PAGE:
Narayanan Krishnan was an award-winning chef on his way to a very bright future when the sight of an old and destitute man eating his own human waste out of hunger put his life on a different course. He quit his job during the next week and within a year he had founded the Akshaya Trust, which feeds and take care of the destitute and mentally disabled people in Mandurai, Tamil Nadu. He prepares and serves three warm and fresh vegetarian meals every day, which he often hand feeds to the people that he seeks out under bridges and other desolate and abandoned spots. Krishnan also carries a comb, scissor and razor with him to provide extra dignity to those he cares for. Today, Krishnan sleeps in Akshaya’s kitchen along with his co-workers, he has no income and scrapes by with the support of his parents. To date he has served more than 1.2m meals to India’s destitute.
Whilst traveling in India in 1979, Marc Gold met a woman suffering from a terrible ear infection. He paid $1 for her antibiotics and a further $30 for a hearing aid that restored her hearing. It was at that moment that he came to the realization that you can do a lot with almost nothing. On his arrival back home, he sent letters to 100 friends and asked for donations he could use during his next trip. To date, Marc has been on 22 missions in 67 countries; he has raised nearly $600,000 and has purchased everything from bicycles and rice to sewing machines, schools and mosquito nets. As founder and director of the 100 Friends Project he simply goes looking for problems in the slums, at hospitals, clinics and orphanages. His only request is that recipients give back by helping others.
In 1984 Dr. Rick Hodes went to Ethiopia to do relief work during the famine. He originally planned on working there for one year, but after realizing the African people’s extreme needs and knowing that he was uniquely qualified to help them, he stayed. After almost three decades, he still practices at hospitals in Addis Ababa and Gondor. He has served tens of thousands of people through immunization, family planning, community health, nutritional support and his specialist field—spine deformities. He was also partly responsible in ensuring the safe immigration of 14,000 Ethiopians via a historic airlift to Israel in 48 hours. His greatest passion however, remains to volunteer at Mother Teresa’s Mission for the Destitute and Dying where he cares for critically ill children that others have abandoned. During his time in Ethiopia he has adopted five children and he also supports and houses another fifteen whom he sees as part of his extended family.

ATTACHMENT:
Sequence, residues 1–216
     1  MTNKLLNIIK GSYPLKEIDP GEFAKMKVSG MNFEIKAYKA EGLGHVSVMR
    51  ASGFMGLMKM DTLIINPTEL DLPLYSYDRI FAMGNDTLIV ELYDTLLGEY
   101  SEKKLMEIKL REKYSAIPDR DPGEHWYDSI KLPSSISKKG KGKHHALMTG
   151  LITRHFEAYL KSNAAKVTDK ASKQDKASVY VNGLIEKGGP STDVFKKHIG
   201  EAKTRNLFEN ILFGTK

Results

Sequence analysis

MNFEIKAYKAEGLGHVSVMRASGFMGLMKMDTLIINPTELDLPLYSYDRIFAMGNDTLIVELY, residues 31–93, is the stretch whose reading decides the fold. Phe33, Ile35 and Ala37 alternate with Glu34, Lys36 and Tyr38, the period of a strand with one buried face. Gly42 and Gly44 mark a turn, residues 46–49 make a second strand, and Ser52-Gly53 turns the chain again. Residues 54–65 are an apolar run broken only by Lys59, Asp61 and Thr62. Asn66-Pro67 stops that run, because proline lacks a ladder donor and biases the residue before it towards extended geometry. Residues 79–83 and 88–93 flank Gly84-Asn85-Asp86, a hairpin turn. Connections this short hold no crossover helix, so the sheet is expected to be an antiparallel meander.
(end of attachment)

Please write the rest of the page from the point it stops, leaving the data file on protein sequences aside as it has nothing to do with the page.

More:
Raped at the age of six and orphaned by the age of nine, Betty Makoni somehow managed to stay strong, survive and put herself through school by selling fruits and vegetables. In 1999 she founded the Girl Child Network (GCN) in response to Zimbabwe’s pandemic of child sexual abuse, especially that of young girls. Her organization is spread over 35 of Zimbabwe’s 58 districts. She has clubs at schools that informs girls and encourages them to speak out and report on abuse. She has also built three “empowerment villages” or homes for abuse victims whom she feeds, provides with medical care and educates. She has fought against the exploitation and abuse of girls at the highest levels of society, in the process becoming a target of state harassment and receiving many death threats. To date, Betty has saved more than 7,000 (some estimates say as many as 35,000) girls from abuse, child labor, forced marriages, human trafficking and sexual assault.
According to the United Nations, there were 185 documented attacks on schools and hospitals in 2012 by armed groups opposed to girls’ education. According to Razia Jan, she hears about girls attacked with acid or being poisoned every single day. Despite the threats, she opens the doors of her Zabuli Education Center every school day. In this 2-storey, 14-room building, 354 girls from the surrounding seven villages are receiving a free education. To keep students safe, Razia’s school is surrounded by a stone wall, there are guards and staff that open and inspect classrooms every day to check the air and water quality. They are so scared of poisoning that children are accompanied to the bathrooms to make sure they do not drink tap water. At the Zabuli Education Center, one year’s tuition fees per girl are $300. Razia covers the school fees through donations made to her non-profit organization, Razia’s Ray of Hope, based in the USA.